|The road ahead. Photo by Chris Floros.|
Last year, the Nevada Interpreters and Translators Association (NITA) was hoping the state legislature would approve the so-called Driver Authorization Cards (DAC) in Nevada, and they are now a reality. These cards will be issued to undocumented immigrants so they can drive without being fined and so they can obtain insurance, thus making Nevada roads safer for everyone. This is something that should have happened a long time ago, as we don't quite see the connection between immigration status and driving privileges, but we digress. Now that DAC have been implemented (there was some opposition, as is to be expected), undocumented immigrants can finally drive with some peace of mind. Now, in order to get these cards, applicants must have some documents translated, and NITA lobbied to have qualified translators do this work (which succeeded only to some extent). Since a significant percentage of applicants do not speak English, the question that arose very quickly was: How will applicants pass the written driving test? The driver's manual had been pseudo-translated into Spanish, but it was so bad few Spanish speakers could comprehend it, and the Nevada Department of Motor Vehicles was very aware of what happens when you let non-professional translators do the work. One DMV representative told us that even he could tell that the handbook was terribly translated, and he only speaks rudimentary Spanish.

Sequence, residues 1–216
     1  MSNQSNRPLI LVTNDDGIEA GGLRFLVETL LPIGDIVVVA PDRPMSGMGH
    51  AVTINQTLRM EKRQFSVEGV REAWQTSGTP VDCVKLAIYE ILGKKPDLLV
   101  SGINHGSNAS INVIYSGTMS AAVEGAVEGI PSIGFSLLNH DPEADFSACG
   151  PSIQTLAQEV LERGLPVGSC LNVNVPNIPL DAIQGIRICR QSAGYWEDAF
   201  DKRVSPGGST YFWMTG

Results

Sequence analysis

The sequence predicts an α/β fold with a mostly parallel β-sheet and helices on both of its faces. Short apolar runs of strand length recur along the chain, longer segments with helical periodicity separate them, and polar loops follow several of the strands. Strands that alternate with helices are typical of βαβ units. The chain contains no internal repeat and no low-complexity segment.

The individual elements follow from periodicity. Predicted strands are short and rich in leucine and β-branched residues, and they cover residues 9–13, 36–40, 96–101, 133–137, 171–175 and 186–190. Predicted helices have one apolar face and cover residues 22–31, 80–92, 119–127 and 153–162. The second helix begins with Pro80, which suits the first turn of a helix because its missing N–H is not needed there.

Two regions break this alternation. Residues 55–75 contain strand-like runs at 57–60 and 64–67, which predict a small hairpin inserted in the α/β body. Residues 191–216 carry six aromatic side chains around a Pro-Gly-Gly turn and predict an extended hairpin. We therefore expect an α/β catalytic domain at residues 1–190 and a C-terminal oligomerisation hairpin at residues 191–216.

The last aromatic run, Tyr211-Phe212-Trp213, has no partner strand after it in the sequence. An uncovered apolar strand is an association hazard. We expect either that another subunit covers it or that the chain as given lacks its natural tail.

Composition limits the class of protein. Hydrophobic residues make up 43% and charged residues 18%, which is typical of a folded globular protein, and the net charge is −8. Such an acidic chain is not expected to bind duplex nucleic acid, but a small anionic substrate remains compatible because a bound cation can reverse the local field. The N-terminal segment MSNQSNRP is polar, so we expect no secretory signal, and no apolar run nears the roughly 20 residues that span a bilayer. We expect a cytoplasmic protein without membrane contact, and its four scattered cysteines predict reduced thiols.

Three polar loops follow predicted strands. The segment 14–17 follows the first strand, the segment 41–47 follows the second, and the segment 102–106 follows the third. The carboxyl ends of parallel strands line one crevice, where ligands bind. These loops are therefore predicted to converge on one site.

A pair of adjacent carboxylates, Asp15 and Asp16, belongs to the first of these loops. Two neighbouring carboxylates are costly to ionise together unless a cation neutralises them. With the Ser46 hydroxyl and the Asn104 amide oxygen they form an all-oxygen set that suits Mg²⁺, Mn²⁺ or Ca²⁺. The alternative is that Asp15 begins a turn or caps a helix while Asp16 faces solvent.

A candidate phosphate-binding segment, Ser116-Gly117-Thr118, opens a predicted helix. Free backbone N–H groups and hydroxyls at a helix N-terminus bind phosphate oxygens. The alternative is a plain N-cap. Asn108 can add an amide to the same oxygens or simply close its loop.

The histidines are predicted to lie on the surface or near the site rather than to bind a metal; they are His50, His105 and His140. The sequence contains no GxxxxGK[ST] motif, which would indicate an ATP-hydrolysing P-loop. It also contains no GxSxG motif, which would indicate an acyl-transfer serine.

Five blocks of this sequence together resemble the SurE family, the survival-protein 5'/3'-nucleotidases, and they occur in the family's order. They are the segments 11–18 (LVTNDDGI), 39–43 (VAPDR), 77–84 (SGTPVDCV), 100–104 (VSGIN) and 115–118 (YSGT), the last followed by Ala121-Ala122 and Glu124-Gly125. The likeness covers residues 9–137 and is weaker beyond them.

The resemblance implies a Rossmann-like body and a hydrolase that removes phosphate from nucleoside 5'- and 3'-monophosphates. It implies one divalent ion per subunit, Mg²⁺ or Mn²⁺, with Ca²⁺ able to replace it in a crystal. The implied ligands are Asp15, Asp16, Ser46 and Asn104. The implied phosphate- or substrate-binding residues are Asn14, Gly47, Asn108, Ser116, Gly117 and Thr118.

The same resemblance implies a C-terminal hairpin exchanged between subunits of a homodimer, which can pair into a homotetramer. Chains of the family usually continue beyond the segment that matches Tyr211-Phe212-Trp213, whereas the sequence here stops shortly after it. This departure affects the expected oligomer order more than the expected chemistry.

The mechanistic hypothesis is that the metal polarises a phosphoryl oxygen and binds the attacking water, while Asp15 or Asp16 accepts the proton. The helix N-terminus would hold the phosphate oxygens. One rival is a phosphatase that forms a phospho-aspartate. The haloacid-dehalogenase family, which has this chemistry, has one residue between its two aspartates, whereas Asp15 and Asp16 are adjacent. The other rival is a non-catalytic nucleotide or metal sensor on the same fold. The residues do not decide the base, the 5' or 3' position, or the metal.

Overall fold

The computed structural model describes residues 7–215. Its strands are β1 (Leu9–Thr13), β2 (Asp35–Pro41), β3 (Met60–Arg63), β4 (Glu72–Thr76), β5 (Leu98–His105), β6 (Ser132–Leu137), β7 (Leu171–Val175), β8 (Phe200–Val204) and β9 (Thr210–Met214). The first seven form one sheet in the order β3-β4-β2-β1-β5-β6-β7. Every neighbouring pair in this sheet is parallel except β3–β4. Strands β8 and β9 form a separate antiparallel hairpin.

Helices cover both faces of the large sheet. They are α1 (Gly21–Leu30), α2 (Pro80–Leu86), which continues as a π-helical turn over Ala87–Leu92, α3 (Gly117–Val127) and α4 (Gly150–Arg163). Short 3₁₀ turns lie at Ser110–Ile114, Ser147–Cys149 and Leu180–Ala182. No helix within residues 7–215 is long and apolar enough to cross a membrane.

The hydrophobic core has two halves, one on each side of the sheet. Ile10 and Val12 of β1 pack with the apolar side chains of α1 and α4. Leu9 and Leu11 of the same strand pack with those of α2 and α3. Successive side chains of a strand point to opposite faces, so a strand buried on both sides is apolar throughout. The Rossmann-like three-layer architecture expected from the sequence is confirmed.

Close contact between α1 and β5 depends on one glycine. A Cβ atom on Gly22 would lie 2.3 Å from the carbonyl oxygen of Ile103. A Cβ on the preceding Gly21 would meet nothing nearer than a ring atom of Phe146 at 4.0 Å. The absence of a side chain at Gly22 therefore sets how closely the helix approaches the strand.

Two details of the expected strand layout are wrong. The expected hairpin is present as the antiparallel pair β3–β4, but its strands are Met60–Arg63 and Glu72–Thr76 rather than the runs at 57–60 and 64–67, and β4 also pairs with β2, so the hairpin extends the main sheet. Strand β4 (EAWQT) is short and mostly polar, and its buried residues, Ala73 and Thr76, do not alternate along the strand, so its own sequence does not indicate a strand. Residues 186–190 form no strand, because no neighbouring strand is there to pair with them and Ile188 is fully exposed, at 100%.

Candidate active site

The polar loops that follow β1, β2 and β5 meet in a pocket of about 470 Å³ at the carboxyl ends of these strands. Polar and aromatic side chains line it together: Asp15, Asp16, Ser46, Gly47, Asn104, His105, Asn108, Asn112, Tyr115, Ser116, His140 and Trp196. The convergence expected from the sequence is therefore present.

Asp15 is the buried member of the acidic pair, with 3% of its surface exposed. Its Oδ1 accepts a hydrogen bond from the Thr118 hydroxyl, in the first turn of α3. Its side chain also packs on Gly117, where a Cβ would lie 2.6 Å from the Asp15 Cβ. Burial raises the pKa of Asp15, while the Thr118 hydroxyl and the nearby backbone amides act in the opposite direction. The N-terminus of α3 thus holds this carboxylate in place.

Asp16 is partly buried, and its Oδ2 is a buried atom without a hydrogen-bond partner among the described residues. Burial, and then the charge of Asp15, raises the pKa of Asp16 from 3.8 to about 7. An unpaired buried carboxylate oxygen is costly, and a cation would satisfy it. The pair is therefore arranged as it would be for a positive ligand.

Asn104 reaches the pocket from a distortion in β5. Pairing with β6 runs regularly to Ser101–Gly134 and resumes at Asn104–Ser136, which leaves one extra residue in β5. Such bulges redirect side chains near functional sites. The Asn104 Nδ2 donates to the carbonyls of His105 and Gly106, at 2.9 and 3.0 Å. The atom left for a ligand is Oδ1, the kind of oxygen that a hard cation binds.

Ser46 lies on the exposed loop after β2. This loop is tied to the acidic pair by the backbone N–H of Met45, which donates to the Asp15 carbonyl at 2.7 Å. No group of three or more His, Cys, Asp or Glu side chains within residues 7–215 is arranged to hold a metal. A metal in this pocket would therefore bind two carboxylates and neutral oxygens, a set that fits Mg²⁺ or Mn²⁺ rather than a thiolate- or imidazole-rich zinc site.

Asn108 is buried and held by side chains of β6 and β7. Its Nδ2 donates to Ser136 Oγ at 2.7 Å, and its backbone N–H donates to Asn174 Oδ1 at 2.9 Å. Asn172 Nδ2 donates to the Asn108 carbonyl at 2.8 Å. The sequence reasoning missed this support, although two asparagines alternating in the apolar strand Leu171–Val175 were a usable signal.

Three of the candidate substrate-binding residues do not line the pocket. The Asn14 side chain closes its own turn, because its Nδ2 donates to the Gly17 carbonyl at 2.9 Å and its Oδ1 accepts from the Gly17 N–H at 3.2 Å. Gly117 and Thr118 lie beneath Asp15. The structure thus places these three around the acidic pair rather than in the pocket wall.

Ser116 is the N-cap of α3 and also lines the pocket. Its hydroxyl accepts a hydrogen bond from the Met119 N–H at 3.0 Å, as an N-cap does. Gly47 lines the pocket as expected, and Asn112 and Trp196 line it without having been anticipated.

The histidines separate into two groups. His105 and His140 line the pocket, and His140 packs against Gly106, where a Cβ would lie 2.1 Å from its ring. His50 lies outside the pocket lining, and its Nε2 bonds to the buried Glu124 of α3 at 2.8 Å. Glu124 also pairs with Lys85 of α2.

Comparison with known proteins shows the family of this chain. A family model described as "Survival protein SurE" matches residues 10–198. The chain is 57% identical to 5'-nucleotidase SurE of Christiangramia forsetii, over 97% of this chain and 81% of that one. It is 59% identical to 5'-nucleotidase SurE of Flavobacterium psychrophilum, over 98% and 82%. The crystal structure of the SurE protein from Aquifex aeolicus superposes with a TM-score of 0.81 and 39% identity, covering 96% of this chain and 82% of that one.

Naturally, NITA saw this as an opportunity to do some client education and outreach and met with DMV about the importance of hiring professional translators. After all, non-English speakers have a right to access public services. Unfortunately, we ran into an all-too-familiar problem: there was no budget, not even $10,000 or so, to have the 75-page document translated into Spanish. So NITA volunteered to translate the document as a pro bono project. Here at Twin Translations we donate 10% of our yearly work hours to non-profits (we made an exception for this one, as DMV is a public agency), and we thought this would be a crucial public service. Judy is the immediate past president of NITA, and she went to work with NITA's current president, Lorena Pike, and board member Cristina Sánchez as well as NITA member Maria Peralta de Gomez. Lorena Pike did all the heavy lifting, project management, and client communication, and the result is something that we can be quite proud of. Have a look at the translated manual here.
|Photo by Chris Floros.|
NITA just issued a press release about this important pro bono project, which you can read here.
While her portion of the work took Judy at least 40 hours to complete, this is a very worthwhile endeavor indeed. We are huge believers in volunteer work, and we hope that many Spanish-speaking drivers can finally get their driver's licenses.
What about you, dear colleagues? Is there any particular pro bono project that you are very proud of? We'd love to hear about it!